Student painters at Q.B. Boydstun Library created their interpretations of a woman in a rainstorm Saturday.
Instructor Nancy Edscorn painted the original — a brunette in a black raincoat, red scarf, yellow boots and blue umbrella, braced against gloomy white rain in gloomy gray hues.
However some students painted a purple scarf. One painted a blonde. Some textured the gray background with blue or violet.
Such variations are acceptable, said Edscorn, who teaches Nancy’s Paint Palette the second Saturday each month at the library.
“At the beginning of my class I tell everybody I don’t expect the paintings to all look the same,” she said. “They don’t look the same. Individual talents come out and continue to grow.”
Edscorn said the class lets people take a paint class for only $10 a session, much less than many private venues. The class is for ages 18 years old, or 16 if accompanied by a parent.
“The great thing about is everybody has fun and everybody relaxes,” she said. “It’s for all kinds of people, all kinds of levels and abilities. For the ones who don’t think they’re artistic, it’s a chance for them to just hone those skills.”
Melissa Branch said she’s come to the sessions for five months.
She said she’s learning that “everybody’s idea of art is different.”
“It’s kind of my ‘me time,’” Branch said.
Edscorn began the latest session by sponging gray paint onto the canvas. She suggested darker shades around the edges.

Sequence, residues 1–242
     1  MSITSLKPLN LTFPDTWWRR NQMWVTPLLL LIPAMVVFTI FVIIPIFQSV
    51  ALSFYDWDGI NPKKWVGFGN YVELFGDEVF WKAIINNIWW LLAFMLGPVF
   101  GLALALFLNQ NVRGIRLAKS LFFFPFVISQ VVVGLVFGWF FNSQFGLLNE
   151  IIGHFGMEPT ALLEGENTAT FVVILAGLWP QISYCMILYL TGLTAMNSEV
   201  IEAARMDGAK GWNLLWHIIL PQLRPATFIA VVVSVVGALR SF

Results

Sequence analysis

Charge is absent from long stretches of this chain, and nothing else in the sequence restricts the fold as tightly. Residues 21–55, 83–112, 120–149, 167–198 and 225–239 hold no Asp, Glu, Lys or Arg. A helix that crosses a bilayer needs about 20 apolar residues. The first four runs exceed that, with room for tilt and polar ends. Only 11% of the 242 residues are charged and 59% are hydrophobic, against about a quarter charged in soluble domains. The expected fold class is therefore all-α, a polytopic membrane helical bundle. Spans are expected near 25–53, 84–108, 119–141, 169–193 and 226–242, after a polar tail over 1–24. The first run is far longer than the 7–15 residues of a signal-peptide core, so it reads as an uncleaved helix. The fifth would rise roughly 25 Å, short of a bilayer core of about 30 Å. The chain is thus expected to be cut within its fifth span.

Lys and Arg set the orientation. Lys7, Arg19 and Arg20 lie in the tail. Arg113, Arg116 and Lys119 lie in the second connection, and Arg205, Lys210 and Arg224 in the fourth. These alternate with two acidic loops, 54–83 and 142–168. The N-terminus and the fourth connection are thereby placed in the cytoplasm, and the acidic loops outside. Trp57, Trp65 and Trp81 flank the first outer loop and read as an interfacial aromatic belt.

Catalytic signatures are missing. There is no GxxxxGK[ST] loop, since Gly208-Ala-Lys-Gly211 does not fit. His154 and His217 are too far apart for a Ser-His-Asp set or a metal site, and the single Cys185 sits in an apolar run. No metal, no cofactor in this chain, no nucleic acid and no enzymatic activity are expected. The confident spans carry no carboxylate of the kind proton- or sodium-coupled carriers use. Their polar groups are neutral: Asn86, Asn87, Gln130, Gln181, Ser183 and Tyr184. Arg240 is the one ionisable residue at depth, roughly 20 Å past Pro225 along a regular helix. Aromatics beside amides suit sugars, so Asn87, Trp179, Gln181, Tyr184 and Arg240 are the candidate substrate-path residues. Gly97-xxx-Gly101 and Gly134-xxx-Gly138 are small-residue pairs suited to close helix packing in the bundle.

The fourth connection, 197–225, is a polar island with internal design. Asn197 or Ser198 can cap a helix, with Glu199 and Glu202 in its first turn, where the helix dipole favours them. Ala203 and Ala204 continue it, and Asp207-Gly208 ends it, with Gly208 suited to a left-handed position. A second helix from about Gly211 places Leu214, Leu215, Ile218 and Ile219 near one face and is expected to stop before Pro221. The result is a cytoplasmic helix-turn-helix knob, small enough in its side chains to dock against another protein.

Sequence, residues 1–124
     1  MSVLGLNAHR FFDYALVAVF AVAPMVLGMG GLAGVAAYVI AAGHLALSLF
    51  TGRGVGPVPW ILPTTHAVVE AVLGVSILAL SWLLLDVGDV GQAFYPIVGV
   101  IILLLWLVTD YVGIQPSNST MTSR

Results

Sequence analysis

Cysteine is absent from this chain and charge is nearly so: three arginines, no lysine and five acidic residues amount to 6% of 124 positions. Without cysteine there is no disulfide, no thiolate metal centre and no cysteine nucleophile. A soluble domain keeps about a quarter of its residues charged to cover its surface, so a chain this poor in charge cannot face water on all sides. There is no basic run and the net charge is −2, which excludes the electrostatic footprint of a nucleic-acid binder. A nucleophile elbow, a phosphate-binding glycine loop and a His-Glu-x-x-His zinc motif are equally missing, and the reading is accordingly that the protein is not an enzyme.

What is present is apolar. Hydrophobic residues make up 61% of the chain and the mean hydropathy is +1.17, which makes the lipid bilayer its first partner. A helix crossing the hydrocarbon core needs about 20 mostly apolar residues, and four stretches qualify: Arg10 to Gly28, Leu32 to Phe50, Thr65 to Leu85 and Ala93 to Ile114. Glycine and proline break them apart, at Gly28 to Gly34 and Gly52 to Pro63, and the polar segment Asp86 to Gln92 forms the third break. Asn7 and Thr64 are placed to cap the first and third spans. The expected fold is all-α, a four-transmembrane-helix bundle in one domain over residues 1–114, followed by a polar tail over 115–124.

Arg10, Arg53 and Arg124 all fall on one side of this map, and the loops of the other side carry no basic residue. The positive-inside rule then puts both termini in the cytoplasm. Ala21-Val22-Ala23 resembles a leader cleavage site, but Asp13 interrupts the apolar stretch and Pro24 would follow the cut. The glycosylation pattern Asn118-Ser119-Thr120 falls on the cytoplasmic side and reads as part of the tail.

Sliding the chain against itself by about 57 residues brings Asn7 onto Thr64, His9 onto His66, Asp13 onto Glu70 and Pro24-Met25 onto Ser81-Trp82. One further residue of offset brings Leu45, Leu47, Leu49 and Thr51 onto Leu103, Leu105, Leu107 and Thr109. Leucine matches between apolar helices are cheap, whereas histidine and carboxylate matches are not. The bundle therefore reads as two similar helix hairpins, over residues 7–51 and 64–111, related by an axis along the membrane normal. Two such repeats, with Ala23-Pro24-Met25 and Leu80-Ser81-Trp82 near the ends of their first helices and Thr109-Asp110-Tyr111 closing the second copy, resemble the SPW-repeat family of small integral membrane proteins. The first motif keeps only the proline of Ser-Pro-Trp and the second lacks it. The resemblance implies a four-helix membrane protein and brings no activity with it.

Garnet Wind added purple streaks.
“I’m daring,” Wind said. “I like texture, so I’m trying to have a little more texture.”
Students sat at tables, with their canvases flat on top.
Phyllis Marble held hers up, so she could handle it better. Marble said she paints at home, but still enjoys coming to the class.
“It gives me a chance to be still,” she said. “I can paint without being interrupted, as opposed to home. I don’t have time to sit down and do what I want to do. This way, I get to get away from everybody and kind of enjoy this. I love it.”
Participants paint at their own levels and speeds. Some already began painting the woman and her umbrella while others were applying gray.
Library Clerk Judy Walker, who joined in the painting, said the library has offered the class since 2017. She said the class averages eight or nine participants.
“Sometimes we average 16,” Walker said. “Then we have to turn people away.”
The class is offered first-paid, first-served, she said.
Florence Smith said she likes coming to the class. She said Edscorn patiently helps participants.
“She doesn’t try to rush you,” she said.